The authors thoroughly explained the various test groups, but a recapitulation of all of these various solutions is outside of the scope of this blog post. In general, higher pH values (around 8) and higher conductivity values (above 2.5 uS) allowed for better cleaning efficacy. Perhaps more notably, the chelating agent DTPA (diethylene triamine pentaacetic acid) greatly outperformed TAC in cleaning efficacy. This is likely because DPTA is a much stronger chelator that is much more suitable for sequestering iron and calcium (which XRF showed to be present in the stain). DPTA could be used safely because the acrylic size layer was unpigmented. Finally, the use of agar (rather than free solution) was found to be useful in the reduction of the stain. The agar gel allowed for greater control of the solution distribution onto the stain and dirt absorption into the gel. The most effective cleaning agent, which was eventually used to clean the painting, was made from a higher concentration of agar gel at 5% (w/v), using Boric Acid 0.5% (w/v), DTPA 0.5% (w/v), TEA, at pH 8, 2.4 mS.
Evaluation of Successful Treatment
While a successful treatment methodology was developed through empirical testing, an investigation into the effects on the surface morphology of an unpigmented acrylic dispersion size layer was thought necessary due to the different absorbencies among the test canvases, observed differences in retention times for the agar gel, and concerns about the higher pH required to reduce the stain. The lack of pigmentation and hard surface features made changes caused by cleaning more difficult to perceive, measure and contextualize, so changes in surface gloss and stain reduction were evaluated with a spectrophotometer and subjective observations by conservators. The impact of the cleaning methodology on the surface of the size layer and canvas fibers were examined with dynamic Atomic Force Microscopy (AFM) and high resolution digital microscopy. A preliminary investigation into possible residues from cleaning was also investigated using FTIR-ATR spectroscopy.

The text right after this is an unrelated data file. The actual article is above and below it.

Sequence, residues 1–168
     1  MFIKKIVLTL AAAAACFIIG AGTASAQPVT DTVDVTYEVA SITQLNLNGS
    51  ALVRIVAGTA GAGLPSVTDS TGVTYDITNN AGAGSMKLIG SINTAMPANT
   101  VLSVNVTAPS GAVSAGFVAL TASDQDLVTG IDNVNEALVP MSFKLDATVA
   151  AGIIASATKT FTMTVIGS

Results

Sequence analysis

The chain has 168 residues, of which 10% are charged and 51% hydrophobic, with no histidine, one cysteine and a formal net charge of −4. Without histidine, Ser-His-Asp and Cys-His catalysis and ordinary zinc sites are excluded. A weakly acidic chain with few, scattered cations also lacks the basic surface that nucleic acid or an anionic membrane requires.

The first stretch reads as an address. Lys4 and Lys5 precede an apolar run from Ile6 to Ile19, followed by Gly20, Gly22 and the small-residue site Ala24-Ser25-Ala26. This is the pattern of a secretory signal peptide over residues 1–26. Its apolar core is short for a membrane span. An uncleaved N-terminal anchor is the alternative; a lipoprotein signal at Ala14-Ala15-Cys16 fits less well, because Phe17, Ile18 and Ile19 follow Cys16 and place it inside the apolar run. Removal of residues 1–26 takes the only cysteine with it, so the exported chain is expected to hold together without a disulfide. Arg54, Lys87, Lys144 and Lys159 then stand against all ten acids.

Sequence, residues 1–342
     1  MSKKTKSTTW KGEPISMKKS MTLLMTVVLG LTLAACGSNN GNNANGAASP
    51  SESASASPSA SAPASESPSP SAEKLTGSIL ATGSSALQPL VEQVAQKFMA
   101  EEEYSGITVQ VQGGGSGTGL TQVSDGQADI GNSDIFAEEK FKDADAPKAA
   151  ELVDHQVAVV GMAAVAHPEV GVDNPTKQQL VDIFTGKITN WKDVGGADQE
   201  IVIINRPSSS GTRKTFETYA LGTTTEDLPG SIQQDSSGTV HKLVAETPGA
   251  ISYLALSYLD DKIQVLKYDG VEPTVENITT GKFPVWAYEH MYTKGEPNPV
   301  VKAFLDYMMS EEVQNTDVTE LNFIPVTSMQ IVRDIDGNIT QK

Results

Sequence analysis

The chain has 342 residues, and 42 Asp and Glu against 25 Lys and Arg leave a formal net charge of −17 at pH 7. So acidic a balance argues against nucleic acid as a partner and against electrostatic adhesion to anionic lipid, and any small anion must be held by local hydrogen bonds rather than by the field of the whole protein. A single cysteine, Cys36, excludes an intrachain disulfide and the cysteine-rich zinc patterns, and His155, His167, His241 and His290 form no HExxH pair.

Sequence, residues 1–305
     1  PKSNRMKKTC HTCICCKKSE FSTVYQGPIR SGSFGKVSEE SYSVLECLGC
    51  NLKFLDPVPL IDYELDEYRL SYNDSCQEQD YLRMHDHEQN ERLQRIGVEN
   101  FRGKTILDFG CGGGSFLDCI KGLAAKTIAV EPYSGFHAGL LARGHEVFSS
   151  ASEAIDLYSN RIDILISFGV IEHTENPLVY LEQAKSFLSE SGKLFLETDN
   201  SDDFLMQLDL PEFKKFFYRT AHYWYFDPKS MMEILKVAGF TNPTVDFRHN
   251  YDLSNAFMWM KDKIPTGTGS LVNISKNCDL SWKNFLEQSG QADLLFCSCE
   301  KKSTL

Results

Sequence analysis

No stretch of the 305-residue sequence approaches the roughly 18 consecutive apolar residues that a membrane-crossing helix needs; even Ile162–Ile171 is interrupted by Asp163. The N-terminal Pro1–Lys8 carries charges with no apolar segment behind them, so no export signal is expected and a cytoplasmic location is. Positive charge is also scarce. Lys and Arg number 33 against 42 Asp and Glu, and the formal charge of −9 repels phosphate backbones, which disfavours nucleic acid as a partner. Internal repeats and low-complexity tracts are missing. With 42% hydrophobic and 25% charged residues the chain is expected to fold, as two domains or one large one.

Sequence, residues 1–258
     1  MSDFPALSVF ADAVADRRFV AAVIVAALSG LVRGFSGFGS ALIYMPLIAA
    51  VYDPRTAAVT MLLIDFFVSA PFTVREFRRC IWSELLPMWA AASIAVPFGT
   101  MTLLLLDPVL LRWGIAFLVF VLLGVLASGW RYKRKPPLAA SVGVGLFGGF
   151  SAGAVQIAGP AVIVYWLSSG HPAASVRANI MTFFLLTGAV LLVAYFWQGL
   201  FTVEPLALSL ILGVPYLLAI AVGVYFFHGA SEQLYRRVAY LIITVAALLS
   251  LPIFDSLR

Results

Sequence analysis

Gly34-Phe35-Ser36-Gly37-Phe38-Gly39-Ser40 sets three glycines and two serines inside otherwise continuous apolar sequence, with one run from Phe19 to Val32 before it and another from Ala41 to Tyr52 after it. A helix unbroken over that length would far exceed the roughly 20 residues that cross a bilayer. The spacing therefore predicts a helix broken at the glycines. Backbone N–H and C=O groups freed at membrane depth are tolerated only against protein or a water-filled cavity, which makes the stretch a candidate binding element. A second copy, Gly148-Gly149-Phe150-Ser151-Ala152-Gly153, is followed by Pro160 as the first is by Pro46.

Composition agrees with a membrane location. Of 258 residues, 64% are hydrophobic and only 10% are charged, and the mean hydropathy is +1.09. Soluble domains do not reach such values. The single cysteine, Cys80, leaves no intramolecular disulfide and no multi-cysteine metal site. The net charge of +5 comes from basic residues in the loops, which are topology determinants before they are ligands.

The number of samples for AFM was too small to draw concrete conclusions without more testing and utilizing additional analysis such as FTIR-ATR; however, a general trend was observed that an increase in the gel concentration from 2.5% (w/v) to 5% (w/v) appeared to reduce the time in which fiber flattening occurred. In addition, FTIR-ATR showed a decrease or complete removal of migrated surfactant from the acrylic size layer surface in all treated samples regardless of the agar concentration in the gel, and along with the swelling of the acrylic layer, was considered by the authors an acceptable risk with this treatment. IR bands corresponding to agar or the additives in the cleaning solutions were not detected.
As mentioned previously, the cleaning agent that was eventually used to clean the painting was made from a higher concentration of agar gel at 5% (w/v), using Boric Acid 0.5% (w/v), DTPA 0.5% (w/v), TEA, at pH 8, 2.4 mS. The agar was hand-cut to perfectly align with the stain patterns on the canvas and weighted with sandbags to increase the gel-canvas contact. Using this method, stains were greatly reduced. However, a few, minor discolorations remained after the cleaning. Further tests were carried out to determine the best inpainting method for these residual discolorations. Dry pigment with Lascaux Jun Funori, Aquazol 50, Aquazol 200, watercolour and gum arabic and Paraloid B72 were all tested for optical effects, handling properties, and reversibility. The Aquazol 50 series was found to be the most effective overall and was used to inpaint the remaining discolorations.
The authors concluded by restating that the success of the treatment would not have been possible without the combination of art historical and material understanding of Knowles’ work and research into new cleaning methodologies for acrylic dispersion paint films. They thanked their project advisors Maureen Cross, Courtauld Institute, and Bronwyn Ormsby, Tate, and many others for their generous support and guidance throughout the project.